- Using Multiple Flashes by Daniel Linnet
Once comfortable with using a single Speedlite off-camera, progressing to a second, third or even fourth Speedlite becomes much easier. Complex lighting setups won’t seem so daunting.
First decide on your basic, non flash exposure. This could be either correctly balanced for the available ambient light or set at a specific exposure to eliminate it. The most important is to decide on what aperture you want to shoot at. This will be your main target around which all the lights will be adjusted. Let’s use f8 as an example:
First the base exposure is set to make sure the important detail of the Cocktail sign is retained. Two Speedlites are then turned on and placed just out of frame on either side to create the symmetrical dramatic lighting. The flare was purposely left in the frame to add to the atmospheric quality of the environment.
When setting up multiple Speedlites, I always like to test each one out individually first; fine tuning the position as well as the power to my pre-determined ratio. Take a shot to understand exactly what effect each one has on the composition and the subject independently before switching all on together.
To control and adjust each light individually from your STE-3 Controller or master unit, make sure to allocate each light to it’s own group (A,B,C,D or E)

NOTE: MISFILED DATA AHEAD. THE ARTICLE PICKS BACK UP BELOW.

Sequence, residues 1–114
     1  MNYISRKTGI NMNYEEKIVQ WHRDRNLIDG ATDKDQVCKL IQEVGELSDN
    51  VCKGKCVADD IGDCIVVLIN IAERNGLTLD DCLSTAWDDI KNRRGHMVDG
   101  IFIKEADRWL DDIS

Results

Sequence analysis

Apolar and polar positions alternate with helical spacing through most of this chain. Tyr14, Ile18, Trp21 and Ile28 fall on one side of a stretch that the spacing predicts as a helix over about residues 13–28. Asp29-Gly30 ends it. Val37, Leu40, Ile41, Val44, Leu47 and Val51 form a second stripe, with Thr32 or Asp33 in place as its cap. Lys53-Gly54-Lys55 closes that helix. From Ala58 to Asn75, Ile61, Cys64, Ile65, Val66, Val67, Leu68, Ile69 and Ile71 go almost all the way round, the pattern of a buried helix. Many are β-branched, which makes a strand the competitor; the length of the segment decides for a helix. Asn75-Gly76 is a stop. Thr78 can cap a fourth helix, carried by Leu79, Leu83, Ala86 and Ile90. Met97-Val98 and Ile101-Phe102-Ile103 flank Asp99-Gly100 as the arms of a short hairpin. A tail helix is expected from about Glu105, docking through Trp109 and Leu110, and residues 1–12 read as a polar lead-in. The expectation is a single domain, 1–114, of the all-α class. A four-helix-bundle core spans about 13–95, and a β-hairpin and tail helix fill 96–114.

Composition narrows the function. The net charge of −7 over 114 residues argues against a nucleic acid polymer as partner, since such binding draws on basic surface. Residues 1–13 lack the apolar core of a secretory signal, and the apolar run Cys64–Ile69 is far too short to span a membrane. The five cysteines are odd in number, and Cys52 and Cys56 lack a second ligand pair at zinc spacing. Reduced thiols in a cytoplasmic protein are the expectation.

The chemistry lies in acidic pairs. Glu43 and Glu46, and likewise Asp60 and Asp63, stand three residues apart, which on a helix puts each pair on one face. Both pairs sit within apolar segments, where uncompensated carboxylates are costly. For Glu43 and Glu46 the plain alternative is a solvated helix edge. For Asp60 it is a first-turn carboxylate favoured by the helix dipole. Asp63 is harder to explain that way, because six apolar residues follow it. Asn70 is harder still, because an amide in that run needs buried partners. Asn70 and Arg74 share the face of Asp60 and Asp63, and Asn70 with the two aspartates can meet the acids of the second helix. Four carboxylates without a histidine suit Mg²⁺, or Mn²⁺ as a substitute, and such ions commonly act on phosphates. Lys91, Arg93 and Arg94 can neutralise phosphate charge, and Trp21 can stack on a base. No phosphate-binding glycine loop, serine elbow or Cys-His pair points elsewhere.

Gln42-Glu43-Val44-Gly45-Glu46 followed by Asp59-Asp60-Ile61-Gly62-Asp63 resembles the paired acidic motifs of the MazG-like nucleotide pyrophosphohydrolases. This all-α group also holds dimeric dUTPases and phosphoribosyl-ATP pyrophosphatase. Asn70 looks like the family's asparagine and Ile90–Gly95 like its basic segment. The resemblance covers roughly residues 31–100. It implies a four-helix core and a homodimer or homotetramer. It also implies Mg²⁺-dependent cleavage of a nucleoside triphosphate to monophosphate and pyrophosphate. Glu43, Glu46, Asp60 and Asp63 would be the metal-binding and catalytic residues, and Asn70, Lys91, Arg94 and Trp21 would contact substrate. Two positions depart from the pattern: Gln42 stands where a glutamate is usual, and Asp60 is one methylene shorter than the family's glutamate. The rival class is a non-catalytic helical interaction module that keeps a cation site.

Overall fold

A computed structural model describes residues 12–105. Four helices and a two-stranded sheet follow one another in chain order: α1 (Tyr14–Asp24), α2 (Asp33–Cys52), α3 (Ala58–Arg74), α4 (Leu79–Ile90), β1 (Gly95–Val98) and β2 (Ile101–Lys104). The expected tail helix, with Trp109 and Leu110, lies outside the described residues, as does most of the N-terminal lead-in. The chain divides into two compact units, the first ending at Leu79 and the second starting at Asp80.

Start with the placement and adjustment of your main light, the 'key light' (think of it as the sun). Being the main light on the subject, this is normally adjusted to give you your pre-determined aperture (f8, in this case), although it is also common to to go slightly under (up to 1 stop) the base aperture for a moodier result or slightly over ( up to ⅔ stop) for a brighter feel.
Once you have determined the exposure of your key light, you can then then start thinking if you want your other light brighter or darker, and by how much.
When using in ETTL mode, setting the ratios on your controller is as easy as dialling in a +/- EV value for that particular group in relation to the key light. For manual flash adjustment just select the appropriate power value instead (Full, ½, ¼ —> 1/128). For example:
You don’t always need to use shapers and bounce when working with Speedlites off camera. I find that often just a couple of simple bare heads on stands give the most realistic interpretation of a scenario.
The results have more contrast with deep dark shadows.
Two Speedlites are used in a simple configuration. Both are bare heads to achieve the harsh style of arena lighting. Rear light is gelled magenta and aimed at the camera to replicate the feel of being ring side. The rear lighting also helped to highlight the airborne water.
Daniel Linnet is a Sydney based commercial, fine art photographer and educator, specialising in portrait, automotive and the environmental photography. A master of photography with the Australian Institute of Professional Photography, Daniel also founded and runs Sydney Photographic Workshops
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